Last Updated : 14 February 2017
Bahasa Melayu Version :

Best practices for quality assurance require clearly defined, transparent and fair criteria and standards that serve as references for evaluations and reports of programmes offered by higher education providers.

MQA has developed a code of practice on criteria and standards for higher education in Malaysia. This code of practice is benchmarked against international good practices and nationally accepted by stakeholders through various consultations.

The code provides a guideline of general requirements in the following areas:

  1. Vision, mission and learning outcomes;
  2. Curriculum design and delivery;
  3. Student selection and support services;
  4. Assessment of students;
  5. Academic staff;
  6. Educational resources;
  7. Programme monitoring and review;
  8. Leadership, governance and administration; and
  9. Continual quality improvement.

In general, MQA quality assures programmes through two distinct processes:

  1. Provisional Accreditation - is an exercise to determine whether a programme has met the minimum quality requirements preliminary to Full Accreditation.
  2. Full Accreditation - an assessment exercise to ascertain that the teaching, learning and all other related activities of a programme provided by a higher education provider has met the quality standards and in compliance with the MQF.

The MQA Act 2007 also provides for the conferment of a self accrediting status to mature higher education institutions that have well established internal quality assurance mechanisms. To be so conferred, the higher education institution needs to undergo an institutional audit, and if successful, all qualifications it offers will be automatically registered in the MQR.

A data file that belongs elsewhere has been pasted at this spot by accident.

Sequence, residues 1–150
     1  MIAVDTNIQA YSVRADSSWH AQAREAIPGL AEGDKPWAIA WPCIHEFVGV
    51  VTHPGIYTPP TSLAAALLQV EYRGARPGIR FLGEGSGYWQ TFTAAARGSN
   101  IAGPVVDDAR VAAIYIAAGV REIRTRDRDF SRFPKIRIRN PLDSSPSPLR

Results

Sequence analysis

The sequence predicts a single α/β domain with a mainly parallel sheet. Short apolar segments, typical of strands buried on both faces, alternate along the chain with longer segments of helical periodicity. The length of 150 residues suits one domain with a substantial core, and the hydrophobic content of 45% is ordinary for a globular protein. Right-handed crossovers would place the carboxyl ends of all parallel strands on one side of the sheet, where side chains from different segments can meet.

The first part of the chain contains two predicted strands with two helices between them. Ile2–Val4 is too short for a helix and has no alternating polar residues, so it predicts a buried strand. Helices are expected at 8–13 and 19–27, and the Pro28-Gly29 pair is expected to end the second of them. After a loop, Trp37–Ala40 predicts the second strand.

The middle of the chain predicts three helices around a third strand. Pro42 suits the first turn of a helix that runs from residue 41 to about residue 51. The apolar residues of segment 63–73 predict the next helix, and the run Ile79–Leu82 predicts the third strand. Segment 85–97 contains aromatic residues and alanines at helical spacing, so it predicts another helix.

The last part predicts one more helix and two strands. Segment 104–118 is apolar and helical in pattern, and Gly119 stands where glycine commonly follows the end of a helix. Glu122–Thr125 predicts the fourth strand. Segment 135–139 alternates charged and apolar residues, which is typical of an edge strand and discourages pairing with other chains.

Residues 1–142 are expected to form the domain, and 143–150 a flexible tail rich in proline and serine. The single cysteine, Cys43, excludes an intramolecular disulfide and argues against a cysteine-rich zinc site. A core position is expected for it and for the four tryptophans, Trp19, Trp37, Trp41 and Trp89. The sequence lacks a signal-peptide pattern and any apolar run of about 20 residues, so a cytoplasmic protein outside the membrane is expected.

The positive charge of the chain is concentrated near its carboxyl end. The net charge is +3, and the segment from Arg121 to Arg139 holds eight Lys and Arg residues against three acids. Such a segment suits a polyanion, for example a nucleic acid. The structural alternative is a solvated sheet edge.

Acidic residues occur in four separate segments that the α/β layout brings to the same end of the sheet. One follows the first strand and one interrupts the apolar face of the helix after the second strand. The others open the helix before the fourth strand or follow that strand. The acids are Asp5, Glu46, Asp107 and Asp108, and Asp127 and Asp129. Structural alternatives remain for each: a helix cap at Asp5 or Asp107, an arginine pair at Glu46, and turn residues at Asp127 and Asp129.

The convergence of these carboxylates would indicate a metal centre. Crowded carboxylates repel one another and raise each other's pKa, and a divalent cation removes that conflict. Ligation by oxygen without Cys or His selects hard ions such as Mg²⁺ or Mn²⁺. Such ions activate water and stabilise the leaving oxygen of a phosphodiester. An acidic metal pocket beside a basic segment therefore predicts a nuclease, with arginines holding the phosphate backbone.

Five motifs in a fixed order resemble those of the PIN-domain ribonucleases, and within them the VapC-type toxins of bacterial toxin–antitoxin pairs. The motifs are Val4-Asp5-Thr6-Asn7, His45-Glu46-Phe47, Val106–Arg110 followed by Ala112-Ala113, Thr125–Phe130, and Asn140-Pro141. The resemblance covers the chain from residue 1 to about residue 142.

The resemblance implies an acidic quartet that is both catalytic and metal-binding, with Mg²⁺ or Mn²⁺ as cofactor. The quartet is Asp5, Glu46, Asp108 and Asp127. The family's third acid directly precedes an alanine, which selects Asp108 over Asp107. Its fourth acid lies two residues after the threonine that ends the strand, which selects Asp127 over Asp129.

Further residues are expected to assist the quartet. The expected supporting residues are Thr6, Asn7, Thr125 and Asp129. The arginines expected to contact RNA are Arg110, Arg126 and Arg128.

The processes above are further supported by continuous monitoring to ensure the programmes offered by the institutions are always quality assured.

MQA Quality Assurance Process

The Learning Outcomes

Student achievements are measured by learning outcomes. These learning outcomes distinguish the varying competencies as to what a student will be able to do at the end of a period of study. Learning outcomes are based on eight domains:

  1. Knowledge;Practical skill;
  2. Social skills and responsibilities;
  3. Values, attitudes and professionalism;
  4. Communication, leadership and team skills;
  5. Problem solving and scientific skill;
  6. Information management and lifelong learning skill; and
  7. vManagerial and entrepreneurial skills.

Learning outcomes are linked to the credit system which gives value to all student learning time and are not based on the contact hours between lecturers and students.